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London's Dominance Becomes A British Election Issue

London's Dominance Becomes A British Election Issue | Edison High - AP Human Geography | Scoop.it

"London completely dominates the political, cultural and economic life of the U.K. to an extent rarely seen elsewhere. That imbalance has been an issue in the run-up to Thursday's election."


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Seth Dixon's curator insight, May 6, 8:37 AM

The problems with primate cities are hardly unique to London (see here resources for teaching about primate cities using the example of Mexico City).  The lack of a balanced urban hierarchy that we would see in countries where the rank-size rule applies is a political problem as stated in this NPR podcast.  This additional BBC article bemoans Britain’s lack of a true second city, arguing that London’s shadow looms too large for sustained national development outside of the primate city. 


Tags: APHG, urbanunit 7 cities, megacities.

Blake Joseph's curator insight, May 6, 6:02 PM

I remember seeing a road map of the United Kingdom once and wondering why almost every single road eventually seemed to make its way to the massive urban sprawl of London in the country's southeast. Even cities as far away as Inverness in Scotland or Belfast in Northern Ireland seemed to inevitably revolve around the massive capital. Having such a dominance on the country, I can see why other distant communities are gradually losing interest in the political and economic influences London still has on them, especially if other closer urban centers are greatly growing in population and influence. The recent election for Scotland's independence from England shows that even today many people are looking to branch out away from London's reach, and that these reasons are perhaps not totally influenced by historic tensions and rivalries between the two places. Populations centers like Birmingham and Manchester have grown immensely in the last decade, and with that has came a growing independent sense of culture and identity as well. Residents in smaller towns and villages feel that these other closer  urban areas would be a better representative of them in country-wide politics than distant London. Some of these distant communities are nearly 500 miles away from London. That is like Detroit, Michigan being politically and economically dominated by New York City. Even with London being massive in size and influential reach, I can see why far away towns in the U.K. don't always consider London too important.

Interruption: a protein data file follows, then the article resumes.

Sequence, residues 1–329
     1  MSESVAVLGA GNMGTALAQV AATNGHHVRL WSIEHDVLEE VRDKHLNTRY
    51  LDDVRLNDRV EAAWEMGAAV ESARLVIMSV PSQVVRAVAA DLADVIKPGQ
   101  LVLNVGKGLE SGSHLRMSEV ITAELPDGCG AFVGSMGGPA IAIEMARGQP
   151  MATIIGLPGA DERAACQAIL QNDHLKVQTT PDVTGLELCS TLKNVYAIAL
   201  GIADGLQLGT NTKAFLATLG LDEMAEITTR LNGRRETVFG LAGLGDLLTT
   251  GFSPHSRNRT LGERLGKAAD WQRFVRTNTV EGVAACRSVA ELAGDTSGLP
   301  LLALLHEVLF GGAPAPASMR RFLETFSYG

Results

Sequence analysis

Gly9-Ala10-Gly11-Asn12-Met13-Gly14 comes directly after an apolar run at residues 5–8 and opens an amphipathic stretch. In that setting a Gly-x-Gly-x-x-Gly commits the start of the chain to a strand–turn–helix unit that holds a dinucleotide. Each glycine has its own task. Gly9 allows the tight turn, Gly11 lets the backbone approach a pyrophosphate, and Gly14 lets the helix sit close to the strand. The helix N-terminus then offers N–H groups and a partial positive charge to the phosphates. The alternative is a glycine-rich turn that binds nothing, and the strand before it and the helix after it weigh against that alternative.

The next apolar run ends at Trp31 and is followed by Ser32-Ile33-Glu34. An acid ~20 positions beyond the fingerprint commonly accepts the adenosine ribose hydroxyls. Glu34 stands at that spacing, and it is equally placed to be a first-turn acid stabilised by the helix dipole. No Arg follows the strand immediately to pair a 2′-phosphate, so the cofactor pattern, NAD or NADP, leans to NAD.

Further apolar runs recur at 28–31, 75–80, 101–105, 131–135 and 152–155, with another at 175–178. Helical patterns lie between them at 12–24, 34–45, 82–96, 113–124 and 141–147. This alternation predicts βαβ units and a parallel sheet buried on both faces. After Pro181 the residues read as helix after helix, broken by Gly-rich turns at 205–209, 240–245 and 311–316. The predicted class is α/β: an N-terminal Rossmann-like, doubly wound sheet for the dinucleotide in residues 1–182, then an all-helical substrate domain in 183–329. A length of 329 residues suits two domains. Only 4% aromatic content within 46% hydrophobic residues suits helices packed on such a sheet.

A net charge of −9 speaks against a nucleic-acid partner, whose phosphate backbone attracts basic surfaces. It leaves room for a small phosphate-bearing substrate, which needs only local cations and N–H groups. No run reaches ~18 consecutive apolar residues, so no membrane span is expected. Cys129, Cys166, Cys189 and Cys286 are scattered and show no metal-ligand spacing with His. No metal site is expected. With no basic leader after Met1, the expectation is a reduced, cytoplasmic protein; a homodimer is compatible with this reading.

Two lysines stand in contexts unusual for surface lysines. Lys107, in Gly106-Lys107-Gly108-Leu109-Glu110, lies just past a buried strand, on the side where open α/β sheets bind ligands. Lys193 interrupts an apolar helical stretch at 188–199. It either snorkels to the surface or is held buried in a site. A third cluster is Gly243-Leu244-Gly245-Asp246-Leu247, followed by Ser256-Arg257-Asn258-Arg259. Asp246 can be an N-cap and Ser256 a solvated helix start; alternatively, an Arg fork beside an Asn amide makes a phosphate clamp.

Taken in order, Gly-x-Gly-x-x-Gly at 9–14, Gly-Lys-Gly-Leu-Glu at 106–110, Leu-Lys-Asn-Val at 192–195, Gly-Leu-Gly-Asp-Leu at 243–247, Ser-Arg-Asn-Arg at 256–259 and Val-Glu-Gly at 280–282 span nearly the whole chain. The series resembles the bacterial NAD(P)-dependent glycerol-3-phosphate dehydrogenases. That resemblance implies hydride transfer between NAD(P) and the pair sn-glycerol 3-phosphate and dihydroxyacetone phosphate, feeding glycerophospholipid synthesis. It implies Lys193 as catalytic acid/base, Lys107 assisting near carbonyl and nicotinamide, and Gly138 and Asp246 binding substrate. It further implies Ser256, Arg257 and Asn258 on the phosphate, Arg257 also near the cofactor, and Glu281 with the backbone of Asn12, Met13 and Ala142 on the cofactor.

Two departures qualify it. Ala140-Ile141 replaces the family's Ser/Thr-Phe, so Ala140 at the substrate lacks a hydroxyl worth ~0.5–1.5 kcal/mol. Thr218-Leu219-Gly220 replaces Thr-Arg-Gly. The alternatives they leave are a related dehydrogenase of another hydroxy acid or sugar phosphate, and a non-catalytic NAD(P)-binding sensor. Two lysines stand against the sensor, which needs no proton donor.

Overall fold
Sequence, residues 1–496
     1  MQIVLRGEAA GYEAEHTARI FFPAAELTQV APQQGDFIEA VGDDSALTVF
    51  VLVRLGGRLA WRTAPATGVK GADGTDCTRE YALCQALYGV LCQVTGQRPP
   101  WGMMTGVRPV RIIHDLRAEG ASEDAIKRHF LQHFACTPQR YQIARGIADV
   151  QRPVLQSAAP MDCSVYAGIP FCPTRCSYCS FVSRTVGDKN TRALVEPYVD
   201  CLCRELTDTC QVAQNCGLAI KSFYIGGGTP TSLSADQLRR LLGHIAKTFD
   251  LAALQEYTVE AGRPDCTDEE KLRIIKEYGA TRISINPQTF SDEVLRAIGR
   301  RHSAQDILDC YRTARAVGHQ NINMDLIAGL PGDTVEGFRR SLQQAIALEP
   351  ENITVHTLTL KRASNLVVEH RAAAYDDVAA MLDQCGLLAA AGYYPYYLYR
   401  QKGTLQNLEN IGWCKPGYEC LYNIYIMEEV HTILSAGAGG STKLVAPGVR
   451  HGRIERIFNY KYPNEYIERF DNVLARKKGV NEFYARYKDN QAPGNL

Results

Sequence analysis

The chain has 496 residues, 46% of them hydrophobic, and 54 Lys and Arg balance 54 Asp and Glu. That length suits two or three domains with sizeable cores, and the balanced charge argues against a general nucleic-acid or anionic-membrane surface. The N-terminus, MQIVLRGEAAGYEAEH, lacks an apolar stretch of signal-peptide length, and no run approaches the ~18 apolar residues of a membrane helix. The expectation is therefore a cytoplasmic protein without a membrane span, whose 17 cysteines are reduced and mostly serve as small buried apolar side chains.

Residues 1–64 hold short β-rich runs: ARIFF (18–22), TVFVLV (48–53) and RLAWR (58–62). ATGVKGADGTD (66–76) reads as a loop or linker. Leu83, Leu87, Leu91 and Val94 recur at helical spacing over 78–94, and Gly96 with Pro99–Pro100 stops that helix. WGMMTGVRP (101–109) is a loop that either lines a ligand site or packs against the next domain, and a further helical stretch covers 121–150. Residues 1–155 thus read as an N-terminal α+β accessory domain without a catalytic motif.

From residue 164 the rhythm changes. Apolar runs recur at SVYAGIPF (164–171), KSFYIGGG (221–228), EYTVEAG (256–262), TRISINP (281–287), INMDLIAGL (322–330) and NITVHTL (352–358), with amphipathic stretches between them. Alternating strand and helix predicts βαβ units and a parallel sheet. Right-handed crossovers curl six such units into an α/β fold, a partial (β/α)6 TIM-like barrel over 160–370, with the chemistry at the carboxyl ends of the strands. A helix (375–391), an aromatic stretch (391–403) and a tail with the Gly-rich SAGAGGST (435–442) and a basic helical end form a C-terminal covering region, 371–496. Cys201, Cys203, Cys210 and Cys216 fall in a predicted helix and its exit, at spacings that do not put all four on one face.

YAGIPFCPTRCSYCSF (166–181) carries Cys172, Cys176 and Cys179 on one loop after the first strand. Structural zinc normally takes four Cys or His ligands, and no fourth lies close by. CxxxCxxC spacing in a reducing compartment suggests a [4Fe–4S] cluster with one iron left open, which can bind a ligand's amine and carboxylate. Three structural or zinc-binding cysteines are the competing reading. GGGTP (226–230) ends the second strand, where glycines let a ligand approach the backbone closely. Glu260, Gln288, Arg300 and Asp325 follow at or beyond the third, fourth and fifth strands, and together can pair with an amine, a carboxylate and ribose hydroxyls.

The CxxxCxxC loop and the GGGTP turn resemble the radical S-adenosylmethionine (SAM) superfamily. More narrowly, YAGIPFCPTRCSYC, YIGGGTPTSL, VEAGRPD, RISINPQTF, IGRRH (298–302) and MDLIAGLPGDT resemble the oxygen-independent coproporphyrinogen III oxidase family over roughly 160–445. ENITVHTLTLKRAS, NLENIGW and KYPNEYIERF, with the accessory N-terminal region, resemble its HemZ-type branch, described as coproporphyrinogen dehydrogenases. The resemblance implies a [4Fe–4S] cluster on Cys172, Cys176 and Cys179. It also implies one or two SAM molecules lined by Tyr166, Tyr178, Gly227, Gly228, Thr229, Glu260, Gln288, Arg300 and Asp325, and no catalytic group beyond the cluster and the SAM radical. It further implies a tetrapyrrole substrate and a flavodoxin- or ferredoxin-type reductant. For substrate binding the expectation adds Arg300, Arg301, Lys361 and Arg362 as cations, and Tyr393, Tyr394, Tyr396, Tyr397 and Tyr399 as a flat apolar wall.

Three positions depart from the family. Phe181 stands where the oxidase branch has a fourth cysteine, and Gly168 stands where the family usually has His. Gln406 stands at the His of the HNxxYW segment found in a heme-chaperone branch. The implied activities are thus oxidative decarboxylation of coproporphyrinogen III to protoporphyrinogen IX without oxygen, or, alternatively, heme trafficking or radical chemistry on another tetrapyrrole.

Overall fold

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NatGeo Feature: Megacities

NatGeo Feature: Megacities | Edison High - AP Human Geography | Scoop.it

"By 2030, two out of three people will live in an urban world, with most of the explosive growth occurring in developing countries. For a preview of the future, the last in the Challenges for Humanity series explores São Paulo, Brazil; Lagos, Nigeria; Bangkok, Thailand; and Hyderabad, India."


Via Seth Dixon, Nancy Watson
Lauren Jacquez's insight:

Remember we talked about megacities last week?

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Elle Reagan's curator insight, May 26, 9:38 PM

I thought this article was good as it gave information on how the world as we know it is growing and cities are popping up everywhere. Developing countries are seeing a large increase in growth and with that comes the growth of cities. With this, more megacities will be born and hopefully the quality of life increases with life in cities.

L.Long's curator insight, August 28, 6:08 AM

mega cities

L.Long's curator insight, August 28, 6:09 AM

mega cities

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Megacities Reflect Growing Urbanization Trend

Read the Transcript: http://to.pbs.org/b6sR86 The capital of the South Asian country Bangladesh, Dhaka, has a population that is booming. However, it stands ...

Via Seth Dixon
Lauren Jacquez's insight:

Another look at a growing megacity and its shantytowns.

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Tracy Galvin's curator insight, May 1, 2014 2:44 PM